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Egypt's Culture WarsPolitics and Practice$
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Samia Mehrez

Print publication date: 2010

Print ISBN-13: 9789774163746

Published to Cairo Scholarship Online: September 2011

DOI: 10.5743/cairo/9789774163746.001.0001

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Taking the soap out of the opera The case of Hagg Mitwalli's Family

Taking the soap out of the opera The case of Hagg Mitwalli's Family

(p.171) 9 Taking the soap out of the opera The case of Hagg Mitwalli's Family
Egypt's Culture Wars

Samia Mehrez

American University in Cairo Press

This chapter focuses specifically on the notorious TV drama A'ilat al–Hagg Mitwalli (Hagg Mitwalli's Family), which was aired during the 2001 Ramadan season locally, in Egypt, and simultaneously on 21 satellite TV channels in the region thus becoming a regional household favorite that millions of Arab viewers followed and that triggered a spectacular amount of debate and critique, ultimately causing the intervention of the National Council for Women (NCW) that is presided over by Egypt's first lady. Both the debate surrounding the serial and the ensuing intervention by NCW transformed the show and the main protagonist (Hagg Mitwalli), played by the Egyptian superstar Nur al–Sharif, into a threatening, transnational phenomenon that impacted—from the point of view of the “modernist” authorities and proponents of modernist discourse, specifically where gender issues are concerned—the very image of a modern Egyptian state within a global context.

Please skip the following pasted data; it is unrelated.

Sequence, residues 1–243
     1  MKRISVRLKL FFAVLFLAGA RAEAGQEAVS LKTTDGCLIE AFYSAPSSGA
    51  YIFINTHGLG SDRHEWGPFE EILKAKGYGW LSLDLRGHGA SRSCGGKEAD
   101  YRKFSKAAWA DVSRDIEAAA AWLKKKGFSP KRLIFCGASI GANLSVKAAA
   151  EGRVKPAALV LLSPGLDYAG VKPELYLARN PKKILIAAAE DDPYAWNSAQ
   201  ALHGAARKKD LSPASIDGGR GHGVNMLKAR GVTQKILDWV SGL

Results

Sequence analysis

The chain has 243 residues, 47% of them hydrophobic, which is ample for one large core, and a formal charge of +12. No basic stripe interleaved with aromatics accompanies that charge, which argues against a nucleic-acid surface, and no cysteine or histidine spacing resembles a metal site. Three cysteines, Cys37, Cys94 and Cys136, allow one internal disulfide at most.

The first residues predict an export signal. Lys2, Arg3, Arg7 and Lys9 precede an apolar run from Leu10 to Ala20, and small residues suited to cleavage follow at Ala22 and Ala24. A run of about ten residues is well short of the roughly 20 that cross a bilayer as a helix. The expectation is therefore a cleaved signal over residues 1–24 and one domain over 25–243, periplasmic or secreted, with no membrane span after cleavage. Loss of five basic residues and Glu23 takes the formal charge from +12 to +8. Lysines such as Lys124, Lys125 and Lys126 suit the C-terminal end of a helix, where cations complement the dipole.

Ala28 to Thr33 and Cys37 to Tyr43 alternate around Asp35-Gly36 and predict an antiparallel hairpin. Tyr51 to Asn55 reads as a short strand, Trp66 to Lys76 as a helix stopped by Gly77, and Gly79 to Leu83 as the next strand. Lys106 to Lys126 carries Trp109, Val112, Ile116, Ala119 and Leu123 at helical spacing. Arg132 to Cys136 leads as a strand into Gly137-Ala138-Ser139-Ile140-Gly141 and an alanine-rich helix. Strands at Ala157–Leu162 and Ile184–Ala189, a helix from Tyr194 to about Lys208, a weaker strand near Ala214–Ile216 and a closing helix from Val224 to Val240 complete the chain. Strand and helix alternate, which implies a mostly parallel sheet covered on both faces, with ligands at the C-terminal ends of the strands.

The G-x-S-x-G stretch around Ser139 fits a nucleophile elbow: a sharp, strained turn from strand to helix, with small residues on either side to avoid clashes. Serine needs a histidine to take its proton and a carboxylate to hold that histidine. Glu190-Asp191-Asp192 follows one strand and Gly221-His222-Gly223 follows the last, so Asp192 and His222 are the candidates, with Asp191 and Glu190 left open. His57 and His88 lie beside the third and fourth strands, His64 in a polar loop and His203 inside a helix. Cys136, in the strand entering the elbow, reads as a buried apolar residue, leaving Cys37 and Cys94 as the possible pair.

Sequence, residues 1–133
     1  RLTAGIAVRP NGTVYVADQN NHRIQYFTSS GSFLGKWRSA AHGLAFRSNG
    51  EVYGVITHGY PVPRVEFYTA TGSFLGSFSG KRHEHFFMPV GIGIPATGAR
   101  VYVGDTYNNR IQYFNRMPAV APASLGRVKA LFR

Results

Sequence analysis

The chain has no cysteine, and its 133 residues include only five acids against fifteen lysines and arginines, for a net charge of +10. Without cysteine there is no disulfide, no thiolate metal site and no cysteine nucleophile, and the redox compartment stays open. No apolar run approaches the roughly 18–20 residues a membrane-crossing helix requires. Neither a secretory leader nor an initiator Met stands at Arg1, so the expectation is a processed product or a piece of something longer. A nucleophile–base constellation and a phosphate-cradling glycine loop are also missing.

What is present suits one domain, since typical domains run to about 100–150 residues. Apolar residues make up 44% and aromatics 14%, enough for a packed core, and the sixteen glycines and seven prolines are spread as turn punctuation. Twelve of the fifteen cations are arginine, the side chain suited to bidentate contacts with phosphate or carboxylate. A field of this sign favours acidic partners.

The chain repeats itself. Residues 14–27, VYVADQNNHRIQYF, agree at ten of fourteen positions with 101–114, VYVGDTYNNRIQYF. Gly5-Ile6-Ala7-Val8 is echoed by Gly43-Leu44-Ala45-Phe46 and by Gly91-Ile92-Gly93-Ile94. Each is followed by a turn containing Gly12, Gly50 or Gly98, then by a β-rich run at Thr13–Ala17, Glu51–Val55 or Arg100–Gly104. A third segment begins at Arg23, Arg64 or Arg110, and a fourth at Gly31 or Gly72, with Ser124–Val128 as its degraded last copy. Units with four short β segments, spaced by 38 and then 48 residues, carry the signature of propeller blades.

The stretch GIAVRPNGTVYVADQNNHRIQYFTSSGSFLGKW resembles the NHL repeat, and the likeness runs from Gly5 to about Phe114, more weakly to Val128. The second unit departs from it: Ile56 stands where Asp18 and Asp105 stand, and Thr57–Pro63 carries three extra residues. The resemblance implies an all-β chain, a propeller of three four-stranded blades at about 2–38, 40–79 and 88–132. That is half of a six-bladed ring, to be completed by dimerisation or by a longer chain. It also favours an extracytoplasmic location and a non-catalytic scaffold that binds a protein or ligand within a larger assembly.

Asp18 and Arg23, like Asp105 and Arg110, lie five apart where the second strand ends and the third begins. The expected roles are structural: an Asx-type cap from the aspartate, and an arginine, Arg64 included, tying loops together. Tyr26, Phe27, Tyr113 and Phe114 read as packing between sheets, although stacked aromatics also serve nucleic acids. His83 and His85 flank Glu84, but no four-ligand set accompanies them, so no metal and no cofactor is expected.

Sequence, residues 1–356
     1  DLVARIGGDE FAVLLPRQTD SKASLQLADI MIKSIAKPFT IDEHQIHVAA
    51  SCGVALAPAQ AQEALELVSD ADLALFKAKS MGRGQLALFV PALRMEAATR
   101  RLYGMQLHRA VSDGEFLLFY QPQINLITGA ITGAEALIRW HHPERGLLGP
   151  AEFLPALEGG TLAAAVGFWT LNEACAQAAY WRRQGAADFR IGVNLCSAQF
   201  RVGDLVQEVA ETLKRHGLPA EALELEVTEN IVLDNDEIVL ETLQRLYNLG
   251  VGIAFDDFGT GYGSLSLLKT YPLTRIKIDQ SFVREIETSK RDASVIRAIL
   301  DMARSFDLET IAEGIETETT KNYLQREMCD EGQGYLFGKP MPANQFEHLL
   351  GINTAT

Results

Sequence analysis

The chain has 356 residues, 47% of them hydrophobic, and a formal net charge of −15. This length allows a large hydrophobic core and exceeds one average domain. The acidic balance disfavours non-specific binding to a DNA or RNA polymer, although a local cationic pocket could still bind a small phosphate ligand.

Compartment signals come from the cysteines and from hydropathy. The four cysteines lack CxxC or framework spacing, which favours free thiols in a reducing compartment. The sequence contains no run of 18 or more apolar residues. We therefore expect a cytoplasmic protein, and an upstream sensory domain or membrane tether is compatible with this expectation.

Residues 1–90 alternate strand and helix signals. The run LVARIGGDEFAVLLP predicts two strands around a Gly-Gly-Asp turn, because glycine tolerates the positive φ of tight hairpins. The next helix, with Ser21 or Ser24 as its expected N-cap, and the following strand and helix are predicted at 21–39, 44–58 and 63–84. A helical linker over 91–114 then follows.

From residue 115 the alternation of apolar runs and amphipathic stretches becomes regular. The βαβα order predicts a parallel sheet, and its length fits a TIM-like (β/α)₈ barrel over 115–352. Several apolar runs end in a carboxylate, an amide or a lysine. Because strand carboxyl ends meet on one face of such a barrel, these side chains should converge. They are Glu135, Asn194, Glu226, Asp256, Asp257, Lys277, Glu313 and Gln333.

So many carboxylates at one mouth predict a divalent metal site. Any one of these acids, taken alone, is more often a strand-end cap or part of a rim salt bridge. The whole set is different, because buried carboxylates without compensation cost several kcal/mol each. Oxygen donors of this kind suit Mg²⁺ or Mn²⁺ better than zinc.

Keywords:   Ramadan, Egyptian television, TV drama, Hagg Mitwalli, NCW, Nur al–Shari

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